• the extent to which the company may receive credit from enforcement officials for conducting its own investigation; and
  • the possible impact on any pending or potential civil litigation.

Consideration should also be given to whether the company has a history of similar violations, because such history raises the likelihood of regulator intervention.4 If a complaint cannot be objectively dismissed as frivolous, the following scenarios often warrant some type of formal internal investigation:

  • a subpoena from a government agency or regulatory authority, such as the Department of Justice (DOJ) or the Securities and Exchange Commission (SEC), which suggests that the company is the focus of an inquiry;
  • a shareholder demand letter;
  • issues raised by an external auditor; and
  • an internal report, such as through an ethics hotline, raising serious allegations involving senior management.

The likelihood of litigation or a separate government investigation usually weighs in favor of initiating an internal investigation. A prompt and thorough investigation gives the company the opportunity to get ahead of a separate investigation and, in some circumstances, convince the government or regulator that additional investigation is not necessary. Further, a thorough investigation of the individuals involved in the potential misconduct may be required to receive cooperation credit from the DOJ. On September 9, 2015, the DOJ issued a memo outlining six steps that prosecutors should take in all investigations of corporate misconduct. The first step states: “To be eligible for any cooperation credit, corporations must provide to the Department all relevant facts about the individuals involved in corporate misconduct.”5 Once the threshold requirement of “all relevant facts with respect to individuals” is met, the extent of the cooperation credit will depend on factors that have historically been applied, including “the diligence, thoroughness, and speed of the internal investigation.”6

Determining Who Supervises the Investigation

The decision of who should supervise the investigation, like the decision of whether to conduct an investigation, is highly contextual. Many investigations may be and are properly handled by a company’s own employees. Many larger companies, for example, have highly skilled legal and other staff dedicated solely to conducting such investigations.

In some situations, however, management should not be in charge of the internal investigation. If the alleged misconduct involves senior management, for example, or if the corporate entity itself is the focal point of a government investigation, the board should consider delegating the task of overseeing the investigation to a committee of board members who are not implicated in the alleged wrongdoing (such as the audit committee or a committee formed specifically for the investigation). If management is perceived as conducting or influencing the investigation, the investigation may not be afforded credibility by regulators. Further, if the investigation involves public company accounting or other disclosure issues, the company’s outside auditors may insist that the investigation be conducted by independent board members and independent outside counsel.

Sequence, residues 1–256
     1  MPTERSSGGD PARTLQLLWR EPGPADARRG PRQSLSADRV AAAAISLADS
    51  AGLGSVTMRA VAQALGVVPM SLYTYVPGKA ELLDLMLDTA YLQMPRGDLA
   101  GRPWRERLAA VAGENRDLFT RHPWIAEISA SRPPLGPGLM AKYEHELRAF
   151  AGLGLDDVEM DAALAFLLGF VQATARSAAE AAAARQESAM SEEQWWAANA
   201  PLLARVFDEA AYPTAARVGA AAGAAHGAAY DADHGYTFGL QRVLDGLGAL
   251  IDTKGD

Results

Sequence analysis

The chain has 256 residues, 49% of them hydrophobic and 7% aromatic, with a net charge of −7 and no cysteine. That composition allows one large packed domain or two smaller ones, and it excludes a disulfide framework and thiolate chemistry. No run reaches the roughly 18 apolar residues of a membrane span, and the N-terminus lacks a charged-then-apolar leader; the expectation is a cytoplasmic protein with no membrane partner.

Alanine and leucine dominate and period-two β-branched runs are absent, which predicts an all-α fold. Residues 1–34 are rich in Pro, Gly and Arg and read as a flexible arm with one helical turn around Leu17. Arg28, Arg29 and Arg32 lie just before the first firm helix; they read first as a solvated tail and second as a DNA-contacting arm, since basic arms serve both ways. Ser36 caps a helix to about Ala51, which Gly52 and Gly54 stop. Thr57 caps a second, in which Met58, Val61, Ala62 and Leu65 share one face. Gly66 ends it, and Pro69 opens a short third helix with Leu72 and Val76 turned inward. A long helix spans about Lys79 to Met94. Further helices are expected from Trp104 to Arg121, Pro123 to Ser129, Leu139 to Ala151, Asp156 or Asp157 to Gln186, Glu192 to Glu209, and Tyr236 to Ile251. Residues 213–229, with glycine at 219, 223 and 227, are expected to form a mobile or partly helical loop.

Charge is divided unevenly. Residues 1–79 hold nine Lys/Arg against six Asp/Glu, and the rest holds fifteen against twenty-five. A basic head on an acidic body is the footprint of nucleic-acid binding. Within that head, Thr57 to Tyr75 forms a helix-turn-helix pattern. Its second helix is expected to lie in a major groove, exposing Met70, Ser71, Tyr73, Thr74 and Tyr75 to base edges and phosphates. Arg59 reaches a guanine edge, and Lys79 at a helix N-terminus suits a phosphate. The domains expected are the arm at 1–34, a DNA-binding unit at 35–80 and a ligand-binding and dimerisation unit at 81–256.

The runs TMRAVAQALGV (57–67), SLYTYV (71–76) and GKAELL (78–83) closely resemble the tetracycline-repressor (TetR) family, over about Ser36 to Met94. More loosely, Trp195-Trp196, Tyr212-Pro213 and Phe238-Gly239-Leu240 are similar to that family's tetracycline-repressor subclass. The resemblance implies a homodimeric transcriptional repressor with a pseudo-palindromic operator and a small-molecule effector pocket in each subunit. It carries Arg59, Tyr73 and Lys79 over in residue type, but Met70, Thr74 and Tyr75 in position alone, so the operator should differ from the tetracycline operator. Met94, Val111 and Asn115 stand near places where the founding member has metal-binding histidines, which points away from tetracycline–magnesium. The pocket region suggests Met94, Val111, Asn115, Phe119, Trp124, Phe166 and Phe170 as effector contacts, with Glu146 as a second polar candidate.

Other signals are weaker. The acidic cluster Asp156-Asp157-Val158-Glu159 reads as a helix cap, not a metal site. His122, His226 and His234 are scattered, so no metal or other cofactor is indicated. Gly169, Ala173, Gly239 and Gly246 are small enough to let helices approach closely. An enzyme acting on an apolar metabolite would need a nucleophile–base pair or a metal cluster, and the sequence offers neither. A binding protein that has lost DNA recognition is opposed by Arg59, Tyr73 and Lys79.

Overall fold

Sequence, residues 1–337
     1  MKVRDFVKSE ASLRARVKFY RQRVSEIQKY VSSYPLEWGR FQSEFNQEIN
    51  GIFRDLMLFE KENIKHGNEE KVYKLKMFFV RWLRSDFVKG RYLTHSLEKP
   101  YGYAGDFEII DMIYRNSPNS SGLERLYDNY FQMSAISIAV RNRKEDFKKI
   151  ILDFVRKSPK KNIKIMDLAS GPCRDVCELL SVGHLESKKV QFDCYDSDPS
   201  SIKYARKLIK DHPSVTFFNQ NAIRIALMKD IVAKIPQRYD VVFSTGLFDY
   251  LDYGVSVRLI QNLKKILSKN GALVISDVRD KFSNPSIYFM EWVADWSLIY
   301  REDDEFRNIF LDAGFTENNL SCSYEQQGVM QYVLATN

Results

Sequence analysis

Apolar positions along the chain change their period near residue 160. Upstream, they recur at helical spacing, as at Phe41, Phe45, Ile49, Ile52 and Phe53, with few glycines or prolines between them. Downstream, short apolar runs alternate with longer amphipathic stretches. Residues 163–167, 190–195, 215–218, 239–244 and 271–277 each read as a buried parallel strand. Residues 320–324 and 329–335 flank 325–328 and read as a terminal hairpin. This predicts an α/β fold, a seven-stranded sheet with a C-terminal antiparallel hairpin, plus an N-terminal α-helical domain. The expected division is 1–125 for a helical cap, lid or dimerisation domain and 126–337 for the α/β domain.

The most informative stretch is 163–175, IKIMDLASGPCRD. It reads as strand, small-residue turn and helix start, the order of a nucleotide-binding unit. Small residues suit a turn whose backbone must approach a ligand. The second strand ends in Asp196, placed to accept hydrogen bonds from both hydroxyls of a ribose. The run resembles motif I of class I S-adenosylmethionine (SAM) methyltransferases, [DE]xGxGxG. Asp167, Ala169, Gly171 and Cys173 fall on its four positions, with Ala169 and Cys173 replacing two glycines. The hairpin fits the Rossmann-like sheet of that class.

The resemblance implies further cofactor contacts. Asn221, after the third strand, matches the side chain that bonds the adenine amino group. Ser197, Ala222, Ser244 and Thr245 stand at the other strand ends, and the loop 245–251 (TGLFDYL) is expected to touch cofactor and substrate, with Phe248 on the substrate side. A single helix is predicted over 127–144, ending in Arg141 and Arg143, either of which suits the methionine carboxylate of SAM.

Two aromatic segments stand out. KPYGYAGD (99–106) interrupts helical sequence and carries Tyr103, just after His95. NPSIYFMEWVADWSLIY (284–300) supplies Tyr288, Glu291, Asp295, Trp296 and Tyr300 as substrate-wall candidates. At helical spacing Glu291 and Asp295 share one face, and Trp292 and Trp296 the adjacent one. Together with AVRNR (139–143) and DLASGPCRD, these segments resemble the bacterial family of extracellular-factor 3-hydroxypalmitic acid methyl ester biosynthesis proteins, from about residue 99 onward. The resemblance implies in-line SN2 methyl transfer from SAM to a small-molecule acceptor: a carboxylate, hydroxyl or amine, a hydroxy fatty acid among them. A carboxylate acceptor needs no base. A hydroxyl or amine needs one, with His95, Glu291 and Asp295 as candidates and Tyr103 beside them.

Assembling the Right Team

Internal investigations are often handled with the assistance of outside counsel, who may have expertise concerning the laws at issue and experience with the interested government agency or agencies. Where an internal investigation is significant, a company should consider whether to hire a firm other than its regular outside counsel. In the view of some regulators, longstanding outside counsel may be incentivized to avoid passing judgment on management.7 Also, the company’s regular outside counsel may have been involved, directly or tangentially, with the subject matter of the investigation.

There are, however, significant costs that come with hiring a separate outside law firm to conduct an investigation. In some circumstances, the company’s regular outside counsel may have special expertise that would assist in the investigation, and such counsel may be particularly qualified to work with any interested regulators. In some cases, the government agency and/or the company’s auditor may consent to (or even suggest) the use of regular outside counsel. Absent such circumstances, however, an investigation conducted by independent outside counsel is more likely to be credited by prosecutors, regulators, private litigants, and the courts.

In addition to outside counsel, consideration should be given at the outset to potential experts needed to assist counsel. These experts usually should be retained by counsel, not the company, to ensure the privilege is protected, and such experts should sign retention agreements that make clear their engagement is intended to facilitate the provision of legal advice.8

Preparing an Investigative Plan and Defining the Scope of the Investigation